Figure 4
figure 4

SOC density according to land-cover type at soil depths of 0–100 cm. Five colors from the bottom up represent 0–20 cm, 20–40 cm,40–60 cm, 60–80 cm, and 80–100 cm. Values (in kg m−2) above the column represent the average SOC density among five depth layers for different land types.

PCA analysis of SOC and physiochemical properties

PCA captured 94.4% of variations in the first two principal components, with 73.7% explained by PC1 and 20.7% by PC2 (Fig. 5). PC1 was mainly characterized by positive loadings of C-silt and M-silt and negative loadings of SOC, F-silt, clay, and TK. PC2 was mainly characterized by positive loading of SOC and negative loadings of EC, TDS, Cl, and TK. The SOC content was favorably associated with the concentrations of F-silt, TN, TK, and clay, and negatively correlated with the concentrations of M-silt and C-silt, according to the PCA score plot (Fig. 5).

Figure 5
figure 5

PCA loadings showing correlations of variables (SOC, pH, TN, TP, TK, EC, Cl, TDS, C-silt, M-silt, F-silt, clay, and sand) with principal components PC1 and PC2. Loading value represents strength of correlation with principal component.

SOC content showed strong negative relationships with M-silt and C-silt (Pearson’s correlation coefficient − 0.88 to − 0.86) (Fig. 6), strong positive relationships with clay, F-silt, TN, and TP (Pearson’s correlation coefficient 0.74 to 0.87), and negative correlations with sand, EC, TDS, Cl, and pH (Pearson’s correlation coefficient − 0.32 to − 0.08). The concentrations of EC, TDS, and Cl showed strong positive correlations with each other (Pearson’s correlation coefficient 0.97 to 0.99), and the concentrations of clay and F-silt were strongly negatively related to M-silt and C-silt (Pearson’s correlation coefficient from − 0.99 to − 0.94). We also found strong positive logarithmic relationships between SOC content and clay and F-silt, and strong negative logarithmic relationships between SOC content and M-silt and C-silt (Fig. 7). The r values between SOC content and C-silt, M-silt, F-silt, clay were 0.78, 0.82, 0.81, and 0.76, respectively.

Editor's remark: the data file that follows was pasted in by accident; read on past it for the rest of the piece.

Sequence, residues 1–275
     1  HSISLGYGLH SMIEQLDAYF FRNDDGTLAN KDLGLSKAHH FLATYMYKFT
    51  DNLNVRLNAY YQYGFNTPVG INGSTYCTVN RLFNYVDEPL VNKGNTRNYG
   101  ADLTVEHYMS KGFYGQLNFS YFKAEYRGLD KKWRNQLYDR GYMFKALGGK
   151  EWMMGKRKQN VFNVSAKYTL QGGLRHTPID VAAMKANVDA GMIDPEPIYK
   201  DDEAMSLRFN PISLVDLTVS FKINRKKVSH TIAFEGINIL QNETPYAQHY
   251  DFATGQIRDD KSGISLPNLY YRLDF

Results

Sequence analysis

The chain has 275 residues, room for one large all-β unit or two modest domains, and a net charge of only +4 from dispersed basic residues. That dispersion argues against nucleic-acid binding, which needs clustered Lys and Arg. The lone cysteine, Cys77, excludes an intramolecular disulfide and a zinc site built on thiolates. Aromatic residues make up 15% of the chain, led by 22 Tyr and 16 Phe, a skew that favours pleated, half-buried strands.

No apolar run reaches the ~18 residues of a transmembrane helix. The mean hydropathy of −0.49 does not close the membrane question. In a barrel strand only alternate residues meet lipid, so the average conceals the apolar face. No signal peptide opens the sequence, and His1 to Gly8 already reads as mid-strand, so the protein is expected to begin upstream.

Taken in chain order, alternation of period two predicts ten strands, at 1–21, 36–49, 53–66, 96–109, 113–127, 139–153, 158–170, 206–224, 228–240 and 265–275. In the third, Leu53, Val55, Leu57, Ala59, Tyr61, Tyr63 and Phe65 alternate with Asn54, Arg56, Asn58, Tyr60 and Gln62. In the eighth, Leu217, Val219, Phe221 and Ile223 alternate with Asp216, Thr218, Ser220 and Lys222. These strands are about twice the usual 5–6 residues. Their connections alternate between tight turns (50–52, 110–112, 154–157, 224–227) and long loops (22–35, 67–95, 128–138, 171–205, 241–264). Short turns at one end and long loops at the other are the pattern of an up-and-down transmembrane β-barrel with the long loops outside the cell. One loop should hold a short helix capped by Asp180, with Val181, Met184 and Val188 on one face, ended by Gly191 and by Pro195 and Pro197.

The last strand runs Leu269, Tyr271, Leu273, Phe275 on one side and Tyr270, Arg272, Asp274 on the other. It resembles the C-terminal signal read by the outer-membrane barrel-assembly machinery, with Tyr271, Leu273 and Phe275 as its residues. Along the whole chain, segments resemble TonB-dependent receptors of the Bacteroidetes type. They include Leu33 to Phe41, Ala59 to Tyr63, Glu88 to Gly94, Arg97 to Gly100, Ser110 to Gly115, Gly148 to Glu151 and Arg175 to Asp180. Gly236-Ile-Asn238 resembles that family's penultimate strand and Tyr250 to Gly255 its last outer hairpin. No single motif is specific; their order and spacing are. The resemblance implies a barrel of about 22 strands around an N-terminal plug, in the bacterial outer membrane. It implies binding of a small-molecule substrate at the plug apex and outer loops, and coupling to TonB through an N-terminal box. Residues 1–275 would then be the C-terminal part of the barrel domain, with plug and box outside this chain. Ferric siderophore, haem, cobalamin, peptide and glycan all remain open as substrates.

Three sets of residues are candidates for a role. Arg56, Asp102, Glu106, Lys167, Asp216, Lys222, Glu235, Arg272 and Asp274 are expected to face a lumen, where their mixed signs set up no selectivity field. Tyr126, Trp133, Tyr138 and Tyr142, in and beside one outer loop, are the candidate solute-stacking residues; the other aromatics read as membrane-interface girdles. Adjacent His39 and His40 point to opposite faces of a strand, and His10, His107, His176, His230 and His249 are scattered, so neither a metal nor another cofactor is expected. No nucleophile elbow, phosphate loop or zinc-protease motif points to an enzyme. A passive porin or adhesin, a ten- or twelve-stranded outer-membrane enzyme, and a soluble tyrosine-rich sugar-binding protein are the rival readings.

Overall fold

Figure 6
figure 6

Correlation matrix heatmap generated in Python 3.8 showing Pearson’s correlation coefficients for soil physicochemical properties. Coefficients ranged from − 1 to 1, with − 1 indicating a negative relationship between two variables, 1 indicating a positive relationship, and 0 indicating no relationship.

Figure 7
figure 7

Relationships between SOC and clay (a), F-silt (b), M-silt (c), and C-silt (d), P < 0.001.


Comparisons of SOC content with previous studies

The SOC contents (4.63–9.71 g kg−1) in this study were similar to those in the other studies15,40,41 (Table 2), but lower than those in Dongzhaigang (14.89–20.89 g kg−1)42, the Jiulong River estuary (15.01–22.25 g kg−1)43, Vietnam (0.8–21.8 g kg−1)44, and the southern Saudi Arabian Red Sea coast (28.1–29.3 g kg−1)28 at lower latitudes. The SOC density in this study (2.99–11.41 kg m−2) was comparable to previously reported values (2.6–8.5 kg m−2) in the same or similar depth15,42, but lower than in the Jiulong River estuary (13.0–17.0 kg m−2)43. These differences may have been due to differences in biomass associated with climatic conditions, mangrove species, and human activities45. Some studies demonstrated that climatic factors were the main determinants of carbon density in mangrove forests46. The assessment of SOC concentration may be influenced by soil bulk density, which is an indication of the density of soil28. In this study, the mean soil bulk density spanned from 1.55 to 1.86 g cm−3 at 0–100 cm soil layer, which was comparable to levels in the Egyptian Red Sea coast (1.40–1.72 g cm−3) and the southern Saudi Arabian Red Sea coast (1.5–1.8 g cm−3), but higher than those in the Jiulong River estuary (0.82–0.88 g cm−3), Leizhou Peninsula (0.93–1.11 g cm−3), Dongzhaigang (1.08–1.51 g cm−3), Futian Bay (0.93 g cm−3, 6yrs-K.obovata and 0.79 g cm−3, 40 years-K. obovata)9 and Sundarbans (0.59–0.79 g cm−3). We found a negative association among SOC concentration and soil bulk density, which is similar with prior research47,48. This negative correlation demonstrated that soil bulk density has an impact on soil porosity, aeration, and construction, which in turn has an impact on SOC content.

Table 2 SOC content, bulk density, and SOC density in previous studies.